I met my two former Sookmyung students, Yeon-ji and Da-jeong (I've written about them before here), today at Hongdae-ipgu Station, right by Hongik University (abbreviated Hongdae in colloquial Korean, from Hongik Daehakgyo; ipgu means "entrance"). Da-jeong had told me about a place called Burger Bay, which served massive burgers. I met her in the small street next to Exit 9 of Hongdae-ipgu Station, then Yeon-ji joined us at the burger joint.
Here's a first look at Burger Bay. Click to enlarge:
Burger Bay is located on the second floor of the building it's in, but there's a street-level display with plastic models of the burgers that BB serves. I asked Da-jeong to pose beside them for scale; she did so gamely. Again, click to enlarge:
The place was empty when we came in despite the fact that it was lunchtime on a Saturday in Hongdae, the party/restaurant district—not the best sign. I kind of suspected something was up when I saw a Korean blog that talked about Burger Bay; the blog offered pictures, and the pictures were not very impressive: the burgers looked to be made mostly of bread, with only a stingy amount of meat inside the buns. Sadness.
Below is a pic of the bacon cheeseburger that we ordered. Big enough for three, or so it was claimed. To make serving the burger easier, it was cut into wedges, like a pizza. Also, as you see in the picture below, drinks were canned, so there were no free refills.
Another strike against Burger Bay, alas.
Below, I offer my hand for scale:
In the next photo, below, Da-jeong gets weird, and my finger gets in the way.
Click the next pic, below, to enlarge. I had attempted a close-up shot of the burger's cross section, but the result was an awful, unfocused mess. To see the photo even larger, after you do the initial enlargement, right-click the picture and "open in another tab." It'll be huge.
The burger wasn't bad, but it also wasn't great. I probably could have eaten the entire thing myself, had I chosen to be a barbarian. The bun made the burger fluffy, which isn't the best adjective to associate with burgers. The bacon, too, was tough and not a bit crunchy. As Joe McPherson once observed, crispy bacon is nearly impossible to find in Korea unless you're willing to crisp it yourself.
With Hongik's campus so close by, I thought we should adjourn and traipse over to an on-campus art museum. Hongik is famous for its art and design majors, and the surrounding district long ago took on the freewheeling, unconventional flavor of the campus, morphing into a much-sought-after night spot and restaurant district. Sookmyung University students often told me that, instead of being loyal to their own campus, they would skip over to the Hongdae neighborhood on Friday and Saturday evenings when they wanted to party. Personally, I'm not the biggest fan of the district, but it does have a lot of interesting—albeit overpriced and over-promising—restaurants.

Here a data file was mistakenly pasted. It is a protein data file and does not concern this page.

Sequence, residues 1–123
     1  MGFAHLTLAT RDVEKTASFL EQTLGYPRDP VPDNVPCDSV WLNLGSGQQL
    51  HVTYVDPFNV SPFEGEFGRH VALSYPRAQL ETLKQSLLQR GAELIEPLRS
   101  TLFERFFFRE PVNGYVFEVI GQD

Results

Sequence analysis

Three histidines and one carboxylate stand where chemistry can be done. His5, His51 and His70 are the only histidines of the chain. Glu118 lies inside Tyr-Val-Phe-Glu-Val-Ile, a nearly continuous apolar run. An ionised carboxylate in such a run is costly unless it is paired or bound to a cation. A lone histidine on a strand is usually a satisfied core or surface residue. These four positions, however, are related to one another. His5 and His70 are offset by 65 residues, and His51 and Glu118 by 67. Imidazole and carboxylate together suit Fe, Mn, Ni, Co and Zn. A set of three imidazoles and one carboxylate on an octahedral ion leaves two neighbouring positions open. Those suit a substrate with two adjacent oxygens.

So we walked onto Hongik University's campus. This was the first time, despite ten years in Korea, that I'd actually set foot on the campus grounds.
As it turned out, both of the on-campus museums were closed for prep: there'll be some sort of exhibition eventually, but not today. So we walked around campus and were rewarded with examples of student art in all sorts of random places. Here's a gutsy display:
Next to Club Viscera was this organ-like thing:
Swivel a bit to the left, and you've got people in pieces:
The bottom half of our art victim was off to the side:
This looked like some sort of Buddha head that had been turned to face away from onlookers. I was curious as to what sort of face it had:
My two young ladies showed me the way:
I dubbed this sculpture "The Metafinger":
Art was everywhere, really; there was even cast-off art—some sort of abortive attempt that seemed to be on its way to the garbage, which struck me as too bad:
Our hot, sweaty, humid path took us up some steep-but-short hiking trails, along which were these cairns, of the sort you might find while hiking a Korean mountain:
The ladies stopped at an exercise station to swing their legs on one of several utterly useless exercise machines whose only purpose was to engage you in some sort of oscillating or circular motion that did nothing to improve your health:
Finally, here's a shot of the massive threshold at the front of Hongik University's campus:
We walked about 6,000 steps in all, according to my pedometer. That's really not all that much, but Da-jeong pronounced herself finished. Yeon-ji, who is much more athletic, was ready to keep going. Unfortunately, I had to get back home to talk with my landlady about circuit-breaker problems, so after we passed through Hongdae's threshold and were back on the streets again, I hailed a cab, said goodbye and thank you, and hightailed it to Gwanghwamun, there to pick up my now-familiar 7119 bus. But before I forget: here's a link to a short video of a madly buzzing cicada. Yeon-ji commented on how noisy the campus was thanks to these fat insects, then she saw one sitting rather low on a tree trunk. When she pointed it out to me, I knew I had to video it.
In all, a nice time to spend with my ladies, and not a bad way to begin August. YJ and DJ want to get together to fête me on my birthday, which might be nice. We'll see whether that actually happens. Things are going to be mightily busy come the end of this hot, saturated month.